“Saturday Night Live” has been harshly criticized over the years for failing to deliver quality episodes each and every week, but have you ever stopped to think just how difficult that really is? In James Franco’s all-access documentary, “SATURDAY NIGHT,” audiences finally get a behind-the-scenes look at the arduous task of putting together a 90-minute live show. Capturing every step of the creative process – from the actors and writers pitching their ideas to the week’s host (in this case, John Malkovich) to putting on the final show – the film delivers an honest look at the high-stress, dog-eat-dog world of sketch comedy. With only 24 hours to conceive and write their sketches (and guys like Will Forte seemingly sleepwalking through most of it), it’s amazing that any of them can be funny at all. Perhaps more shocking, however, is that only nine of the 50 proposed ideas actually make it into the final show.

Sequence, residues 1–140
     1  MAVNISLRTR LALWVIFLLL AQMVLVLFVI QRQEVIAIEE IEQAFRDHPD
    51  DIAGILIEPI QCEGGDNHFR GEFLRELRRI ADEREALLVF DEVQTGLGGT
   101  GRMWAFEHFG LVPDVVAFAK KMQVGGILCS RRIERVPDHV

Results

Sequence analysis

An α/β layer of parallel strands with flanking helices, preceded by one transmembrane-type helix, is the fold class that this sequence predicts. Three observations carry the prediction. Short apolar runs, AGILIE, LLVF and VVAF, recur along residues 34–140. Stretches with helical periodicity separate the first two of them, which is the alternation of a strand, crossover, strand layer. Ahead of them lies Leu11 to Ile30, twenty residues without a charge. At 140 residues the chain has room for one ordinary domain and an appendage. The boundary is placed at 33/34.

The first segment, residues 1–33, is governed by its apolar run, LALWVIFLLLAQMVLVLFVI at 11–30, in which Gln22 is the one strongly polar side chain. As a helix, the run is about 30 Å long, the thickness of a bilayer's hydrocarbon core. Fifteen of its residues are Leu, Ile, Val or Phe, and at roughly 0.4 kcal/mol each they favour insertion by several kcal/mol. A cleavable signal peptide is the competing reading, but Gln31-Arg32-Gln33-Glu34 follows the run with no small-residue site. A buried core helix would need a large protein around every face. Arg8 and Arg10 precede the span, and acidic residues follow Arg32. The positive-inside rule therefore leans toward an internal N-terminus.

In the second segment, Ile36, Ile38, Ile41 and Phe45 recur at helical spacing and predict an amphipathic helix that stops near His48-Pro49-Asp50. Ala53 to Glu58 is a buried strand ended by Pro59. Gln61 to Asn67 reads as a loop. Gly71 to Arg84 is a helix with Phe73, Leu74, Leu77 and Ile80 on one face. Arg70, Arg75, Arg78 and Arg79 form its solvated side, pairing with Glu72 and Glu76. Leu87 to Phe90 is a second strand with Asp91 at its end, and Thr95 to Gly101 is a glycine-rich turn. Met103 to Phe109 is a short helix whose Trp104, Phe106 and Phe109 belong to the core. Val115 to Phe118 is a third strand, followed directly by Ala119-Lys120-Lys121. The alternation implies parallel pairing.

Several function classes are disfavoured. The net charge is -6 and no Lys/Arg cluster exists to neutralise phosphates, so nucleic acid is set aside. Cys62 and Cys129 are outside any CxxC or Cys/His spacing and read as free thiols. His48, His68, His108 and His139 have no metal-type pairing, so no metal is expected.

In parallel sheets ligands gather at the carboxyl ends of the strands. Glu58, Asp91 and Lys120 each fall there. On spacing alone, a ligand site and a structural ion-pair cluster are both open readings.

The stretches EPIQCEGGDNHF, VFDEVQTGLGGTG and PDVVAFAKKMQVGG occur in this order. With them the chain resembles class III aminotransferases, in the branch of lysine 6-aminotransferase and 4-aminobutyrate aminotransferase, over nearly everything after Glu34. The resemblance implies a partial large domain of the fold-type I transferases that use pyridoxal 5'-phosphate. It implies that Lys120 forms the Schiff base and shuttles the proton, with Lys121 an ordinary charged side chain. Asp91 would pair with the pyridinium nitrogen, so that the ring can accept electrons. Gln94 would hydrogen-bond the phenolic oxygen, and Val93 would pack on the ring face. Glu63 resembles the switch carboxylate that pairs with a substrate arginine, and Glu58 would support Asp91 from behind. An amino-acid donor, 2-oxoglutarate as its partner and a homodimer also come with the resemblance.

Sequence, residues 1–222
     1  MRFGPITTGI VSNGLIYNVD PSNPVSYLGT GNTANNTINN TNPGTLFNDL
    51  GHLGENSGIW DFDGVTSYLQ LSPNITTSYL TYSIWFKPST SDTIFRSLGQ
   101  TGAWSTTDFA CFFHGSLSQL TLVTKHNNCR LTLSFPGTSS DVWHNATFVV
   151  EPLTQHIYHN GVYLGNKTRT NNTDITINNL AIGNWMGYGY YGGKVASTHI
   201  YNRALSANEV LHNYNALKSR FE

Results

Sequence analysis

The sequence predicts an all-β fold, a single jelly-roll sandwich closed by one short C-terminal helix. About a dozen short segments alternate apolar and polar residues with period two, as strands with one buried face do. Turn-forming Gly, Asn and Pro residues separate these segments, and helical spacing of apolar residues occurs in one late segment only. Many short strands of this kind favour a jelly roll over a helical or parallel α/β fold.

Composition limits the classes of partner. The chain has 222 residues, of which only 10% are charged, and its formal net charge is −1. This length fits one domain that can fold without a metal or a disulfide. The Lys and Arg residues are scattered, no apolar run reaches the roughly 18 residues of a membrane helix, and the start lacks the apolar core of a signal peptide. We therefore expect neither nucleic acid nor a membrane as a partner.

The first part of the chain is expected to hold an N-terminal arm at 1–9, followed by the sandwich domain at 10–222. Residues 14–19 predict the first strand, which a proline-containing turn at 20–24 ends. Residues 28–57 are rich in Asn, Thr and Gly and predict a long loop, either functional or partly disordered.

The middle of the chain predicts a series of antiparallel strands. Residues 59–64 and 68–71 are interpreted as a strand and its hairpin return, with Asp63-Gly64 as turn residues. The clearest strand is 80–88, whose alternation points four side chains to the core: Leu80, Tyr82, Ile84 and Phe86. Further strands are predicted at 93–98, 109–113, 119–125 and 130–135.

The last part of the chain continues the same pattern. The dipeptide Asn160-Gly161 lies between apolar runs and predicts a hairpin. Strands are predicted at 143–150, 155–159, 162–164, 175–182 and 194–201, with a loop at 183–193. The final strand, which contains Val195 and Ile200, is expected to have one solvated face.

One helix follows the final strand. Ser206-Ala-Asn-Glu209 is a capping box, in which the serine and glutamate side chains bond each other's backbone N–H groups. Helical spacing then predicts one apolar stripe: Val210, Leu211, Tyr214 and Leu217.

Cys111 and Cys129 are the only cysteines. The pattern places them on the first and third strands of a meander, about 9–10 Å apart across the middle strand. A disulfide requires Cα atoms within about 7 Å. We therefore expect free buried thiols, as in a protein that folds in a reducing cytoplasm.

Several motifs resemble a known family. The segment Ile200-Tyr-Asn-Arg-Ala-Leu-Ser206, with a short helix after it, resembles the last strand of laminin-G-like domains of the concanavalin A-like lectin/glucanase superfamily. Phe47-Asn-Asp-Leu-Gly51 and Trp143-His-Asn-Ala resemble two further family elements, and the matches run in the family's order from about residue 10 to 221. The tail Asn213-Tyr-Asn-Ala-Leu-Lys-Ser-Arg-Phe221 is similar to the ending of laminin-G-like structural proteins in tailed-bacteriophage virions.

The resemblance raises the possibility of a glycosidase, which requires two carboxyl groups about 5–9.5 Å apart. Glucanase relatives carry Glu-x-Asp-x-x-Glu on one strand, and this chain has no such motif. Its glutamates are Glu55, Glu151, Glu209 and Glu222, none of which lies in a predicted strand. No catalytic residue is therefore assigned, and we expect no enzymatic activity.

“SATURDAY NIGHT” focuses on just a handful of them, and it’s here that we see the evolution that each one goes through along the way, including rewrites and last-minute edits that come out of rehearsals. We also learn that while some sketches (like one lampooning the Empire Carpet commercials) bring down the house during the initial round of table reads, by the time it comes to performing it at dress rehearsal only hours before the live show, it falls flat with the audience, forcing the producers to pull it from the line-up. Franco gets some good interviews with the cast and crew, even putting himself on camera to discuss his own hosting experience, but he doesn’t really document anything that someone with the exact same access couldn’t do. “SATURDAY NIGHT” is still a fascinating study of a particular facet of the entertainment industry, and if there’s anything to take away from the documentary, it’s that these guys are only human. As one producer aptly declares when discussing future cast members: “If you’re a perfectionist, don’t come here, because nothing is ever perfect.”